The first appears in the book of Acts where Peter has just been delivered from prison by an angel. While he was being set free from prison by an angel, a number of the disciples were praying at the same time at Mary’s house i.e. John’s mother’s place. Peter arrived at the house and knocked on the door. Rhoda, a maid, came to the door. When she heard Peter’s voice, she was so overcome with joy she forgot to open the door. Instead, she rushed to the other disciples and told them Peter was at the door. They first said that she was out of her mind, ‘so much for their faith in God’! Then they said something very interesting, “it must be his angel” (Acts 12.15). What could they have meant by this? It could not mean his apparition or disembodied spirit as some suggest, since the text would state this. The words for apparition (phantasma) and spirit (pneuma) are different from angel (angelos) used here. This is supported by the incident where Jesus walks on the water and thedisciple’s at first mistake him to be a spirit (‘pneuma’ – Lk. 24.37). No! They definitely meant angel in this passage as Luke used the same term ‘angelos’ a few verses back in Acts 12.7 to refer to the angel who set Peter free. The problem, which arises when using this to build a doctrine for the existence of ‘Guardian Angels’, is that it might have simply been a belief that the disciples accepted at the time.

The most likely verse which hints at the possibility of guardian angels is found in the story when the disciples asked Jesus: “Who is the greatest in the Kingdom of Heaven?”. Jesus called a child to him and began to talk about children’s simple faith. Then, He changed tack and began to warn the disciples and other listeners not to harm children. Nearing the end of His discussion, He said, “Take care that you do not despise one of these little ones; for, I tell you, in heaven their angels continually see the face of my Father in heaven” (Matt. 18.10). The background of this idea is rooted in Jewish tradition where angels were believed to be assigned to individual people (see Gen. 48.16; Ps. 34.7, 91.11 and amongst other Jewish writings).

The problem is that by taking these, the only two accounts in the New Testament, and forming a substantial doctrine of angels, is beyond what I call good theological practice. We simply do not have enough information to say: “Yes, we have guardian angels.” However, we can be sure that angels are known to protect people, even if they are not assigned to one specific individual. As referenced above, Jacob mentioned how an angel delivered him from harm when he was giving a final blessing to his sons (Gen. 48.16). He was most likely remembering the time when he felt certain that his brother Esau was going to kill him. Other instances of protection can be found in Daniel 3.28 and 6.22. These two portions of scripture document the protection of Shadrach, Meshach, and Abednego in the furnace and Daniel while in the lions’ den.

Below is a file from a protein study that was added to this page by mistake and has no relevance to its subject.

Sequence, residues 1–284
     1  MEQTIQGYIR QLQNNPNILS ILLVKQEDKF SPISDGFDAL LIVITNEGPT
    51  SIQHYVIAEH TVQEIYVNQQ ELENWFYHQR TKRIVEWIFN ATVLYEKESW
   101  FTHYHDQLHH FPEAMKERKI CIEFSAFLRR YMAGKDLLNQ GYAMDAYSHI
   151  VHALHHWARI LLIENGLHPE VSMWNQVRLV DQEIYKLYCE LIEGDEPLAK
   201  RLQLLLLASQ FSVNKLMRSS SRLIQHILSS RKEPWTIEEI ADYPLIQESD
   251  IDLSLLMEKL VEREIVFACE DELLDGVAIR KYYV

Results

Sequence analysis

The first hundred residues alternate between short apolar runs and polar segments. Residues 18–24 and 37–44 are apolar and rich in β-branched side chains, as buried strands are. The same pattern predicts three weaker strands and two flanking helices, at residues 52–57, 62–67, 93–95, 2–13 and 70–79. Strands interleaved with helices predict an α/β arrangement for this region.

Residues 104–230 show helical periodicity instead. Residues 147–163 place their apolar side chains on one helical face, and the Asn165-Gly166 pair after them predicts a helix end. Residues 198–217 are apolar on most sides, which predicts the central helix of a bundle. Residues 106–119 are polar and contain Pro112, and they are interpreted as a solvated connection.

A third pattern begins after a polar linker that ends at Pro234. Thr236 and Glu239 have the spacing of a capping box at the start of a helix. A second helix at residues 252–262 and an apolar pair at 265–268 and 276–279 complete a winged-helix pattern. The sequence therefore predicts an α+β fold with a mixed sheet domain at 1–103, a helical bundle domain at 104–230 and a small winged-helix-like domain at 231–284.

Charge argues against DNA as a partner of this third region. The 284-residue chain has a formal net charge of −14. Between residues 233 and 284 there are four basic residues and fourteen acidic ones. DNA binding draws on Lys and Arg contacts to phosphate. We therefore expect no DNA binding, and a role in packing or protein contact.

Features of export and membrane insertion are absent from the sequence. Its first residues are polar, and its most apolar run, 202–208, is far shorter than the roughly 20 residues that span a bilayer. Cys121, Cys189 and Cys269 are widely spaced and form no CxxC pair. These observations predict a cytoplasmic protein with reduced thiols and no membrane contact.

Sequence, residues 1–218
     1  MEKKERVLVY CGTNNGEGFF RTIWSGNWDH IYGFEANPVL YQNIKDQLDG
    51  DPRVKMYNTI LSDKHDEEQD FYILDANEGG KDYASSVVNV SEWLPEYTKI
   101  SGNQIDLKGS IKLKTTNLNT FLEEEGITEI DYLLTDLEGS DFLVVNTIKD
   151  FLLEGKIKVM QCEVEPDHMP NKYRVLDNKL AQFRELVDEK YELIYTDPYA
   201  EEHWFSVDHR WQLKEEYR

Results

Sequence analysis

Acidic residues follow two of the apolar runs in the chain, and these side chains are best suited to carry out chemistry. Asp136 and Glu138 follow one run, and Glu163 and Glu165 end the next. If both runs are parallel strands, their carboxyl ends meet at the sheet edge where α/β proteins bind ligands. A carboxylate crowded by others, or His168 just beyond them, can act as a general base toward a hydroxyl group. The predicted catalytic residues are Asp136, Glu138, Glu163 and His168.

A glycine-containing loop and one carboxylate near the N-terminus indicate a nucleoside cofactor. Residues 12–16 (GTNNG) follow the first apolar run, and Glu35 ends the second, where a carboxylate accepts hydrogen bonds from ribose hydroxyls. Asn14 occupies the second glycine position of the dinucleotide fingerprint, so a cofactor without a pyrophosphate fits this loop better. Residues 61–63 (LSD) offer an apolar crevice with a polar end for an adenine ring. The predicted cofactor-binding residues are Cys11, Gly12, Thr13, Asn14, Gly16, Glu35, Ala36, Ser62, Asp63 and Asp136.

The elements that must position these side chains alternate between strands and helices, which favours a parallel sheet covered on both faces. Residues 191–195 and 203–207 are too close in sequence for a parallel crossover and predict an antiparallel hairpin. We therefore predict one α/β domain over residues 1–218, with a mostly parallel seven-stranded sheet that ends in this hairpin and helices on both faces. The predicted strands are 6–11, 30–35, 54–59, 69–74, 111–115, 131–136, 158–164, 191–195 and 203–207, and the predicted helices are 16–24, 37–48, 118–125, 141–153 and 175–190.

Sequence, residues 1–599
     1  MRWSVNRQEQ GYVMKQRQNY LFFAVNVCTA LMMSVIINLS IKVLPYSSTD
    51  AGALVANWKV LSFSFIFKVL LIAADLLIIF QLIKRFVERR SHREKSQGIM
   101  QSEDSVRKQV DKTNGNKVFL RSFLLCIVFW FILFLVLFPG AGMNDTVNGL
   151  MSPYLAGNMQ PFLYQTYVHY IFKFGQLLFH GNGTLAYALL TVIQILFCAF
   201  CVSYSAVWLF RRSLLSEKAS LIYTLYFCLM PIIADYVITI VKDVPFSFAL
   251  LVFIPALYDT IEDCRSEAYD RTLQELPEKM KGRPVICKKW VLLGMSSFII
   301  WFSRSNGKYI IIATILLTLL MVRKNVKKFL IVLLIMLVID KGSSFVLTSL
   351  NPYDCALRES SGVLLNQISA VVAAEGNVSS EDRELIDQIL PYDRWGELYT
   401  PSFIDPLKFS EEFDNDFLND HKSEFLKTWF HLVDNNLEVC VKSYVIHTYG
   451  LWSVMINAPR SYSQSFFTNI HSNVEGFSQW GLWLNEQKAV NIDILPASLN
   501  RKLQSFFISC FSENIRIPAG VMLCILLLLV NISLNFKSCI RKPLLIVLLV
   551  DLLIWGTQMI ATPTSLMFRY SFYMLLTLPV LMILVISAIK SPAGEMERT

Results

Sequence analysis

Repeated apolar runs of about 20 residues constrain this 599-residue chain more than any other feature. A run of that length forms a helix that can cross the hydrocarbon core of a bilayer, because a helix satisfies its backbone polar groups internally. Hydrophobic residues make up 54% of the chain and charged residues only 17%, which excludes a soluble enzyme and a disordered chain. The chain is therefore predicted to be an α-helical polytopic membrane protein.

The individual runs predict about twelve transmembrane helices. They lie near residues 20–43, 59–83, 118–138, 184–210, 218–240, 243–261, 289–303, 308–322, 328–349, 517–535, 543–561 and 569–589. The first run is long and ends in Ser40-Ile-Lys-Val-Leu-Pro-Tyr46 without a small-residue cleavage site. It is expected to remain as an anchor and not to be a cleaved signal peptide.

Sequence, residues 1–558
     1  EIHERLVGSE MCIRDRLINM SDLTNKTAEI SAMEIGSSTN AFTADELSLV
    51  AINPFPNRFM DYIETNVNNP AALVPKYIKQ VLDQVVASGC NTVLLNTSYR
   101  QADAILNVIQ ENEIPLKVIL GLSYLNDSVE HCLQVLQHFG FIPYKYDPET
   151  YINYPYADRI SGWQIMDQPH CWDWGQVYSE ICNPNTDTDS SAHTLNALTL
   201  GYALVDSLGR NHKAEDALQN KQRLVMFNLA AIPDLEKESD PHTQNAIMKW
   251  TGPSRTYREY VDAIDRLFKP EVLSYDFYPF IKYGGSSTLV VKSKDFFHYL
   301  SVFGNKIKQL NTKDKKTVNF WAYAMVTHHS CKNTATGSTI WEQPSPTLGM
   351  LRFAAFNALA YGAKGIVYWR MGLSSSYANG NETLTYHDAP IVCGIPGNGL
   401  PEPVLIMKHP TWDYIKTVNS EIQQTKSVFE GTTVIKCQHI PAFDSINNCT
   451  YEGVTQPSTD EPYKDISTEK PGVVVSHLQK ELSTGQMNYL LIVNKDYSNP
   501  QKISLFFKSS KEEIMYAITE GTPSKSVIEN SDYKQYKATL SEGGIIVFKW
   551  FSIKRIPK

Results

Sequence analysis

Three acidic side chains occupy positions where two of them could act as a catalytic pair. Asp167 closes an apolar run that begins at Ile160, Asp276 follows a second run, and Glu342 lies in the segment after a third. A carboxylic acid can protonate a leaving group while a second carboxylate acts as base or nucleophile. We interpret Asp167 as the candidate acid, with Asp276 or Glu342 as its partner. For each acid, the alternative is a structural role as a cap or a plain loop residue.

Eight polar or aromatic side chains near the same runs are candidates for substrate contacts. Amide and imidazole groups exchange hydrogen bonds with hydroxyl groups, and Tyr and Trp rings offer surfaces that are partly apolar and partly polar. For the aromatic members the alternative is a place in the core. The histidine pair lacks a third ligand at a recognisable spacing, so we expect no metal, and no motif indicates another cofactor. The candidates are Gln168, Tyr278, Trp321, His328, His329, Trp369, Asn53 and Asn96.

Angels are emotional beings

Angels are emotional beings. Job mentions that at the creation of the world the angels shouted for joy (Job 38.7). Then, do you recall after Jesus was born, how huge numbers of angels appeared to shepherds in the field rejoicing, praising and singing (Lk. 2.13–14)? One last example, Jesus was once in discussion with a group of tax collectors, sinners and the Pharisees about His mingling with sinners. Amongst other things, he tells them about how overjoyed the angels are when one sinner repents (Lk. 15:10).


Angels Minister to Believers

Angels minister to the believers both offering physical protection and spiritual welfare. There are some intriguing accounts of angels rescuing folk from certain death. Again, I remind you of Daniel and the lions. Daniel was double crossed and ended up being tossed into a den full of hungry lions. At that precise moment, an angel shut the lions’ mouths and Daniel walked out unscathed the next morning (Dan. 6.7–23). As I mentioned previously, there is the case where Herod seized Peter after killing James and threw him into prison to be held for execution the following day. That night, Peter was wakened by an angel who walked him out of the prison (Acts 12.6–11). Then, as to our spiritual welfare, angels are shown as being overjoyed with happiness when a person comes to salvation (Lk. 15.10), and quite understandably so since God works to achieve this night and day. Furthermore, angels serve us in our spiritual needs (Heb. 1.14).

Angels adminster God’s judgments


Angels carry out the judgments of God upon His enemies when ordered to do so. Th ere are some terrifying displays of angels’ power in this regard. As mentioned earlier under the topic of power, there was the case where one angel caused the death of 185,000 Assyrians in one night after Sennacherib threatened Hezekiah and God. We have also discussed the instance where an angel wiped out more than 70,000 people from Dan to Beer-sheba and would have annihilated Jerusalem had the Lord not stayed His hand (2 Sam. 24.15–17). Other examples include Sodom and Gomorrah, two cities which were fl attened due to their atrocities and horrendous sin (Gen. 19.12 onwards) and the Egyptians at Passover (Ex. 12.23).

Angels are Moral Beings

Angels are moral beings. What I mean by this is that they are capable of adhering to the rules of right conduct, which means that they have freedom of choice, which also means that they have a will. Consider the following evidence for this. Scripture suggests that there are both good and evil angels. Do you remember Peter’s statement in this regard? “For if God did not spare the angels when they sinned…” (2 Pet. 2.4)  Or what about Jude when he said, “And the angels who did not keep their own position, but left their proper dwelling, he has kept in eternal chains in deepest darkness for the judgment of the great day” (Jude 6)? If angels can be holy or evil, it means that they have a moral element to them. The holy angels are at this moment behaving in a freely chosen morally acceptable (to God) manner.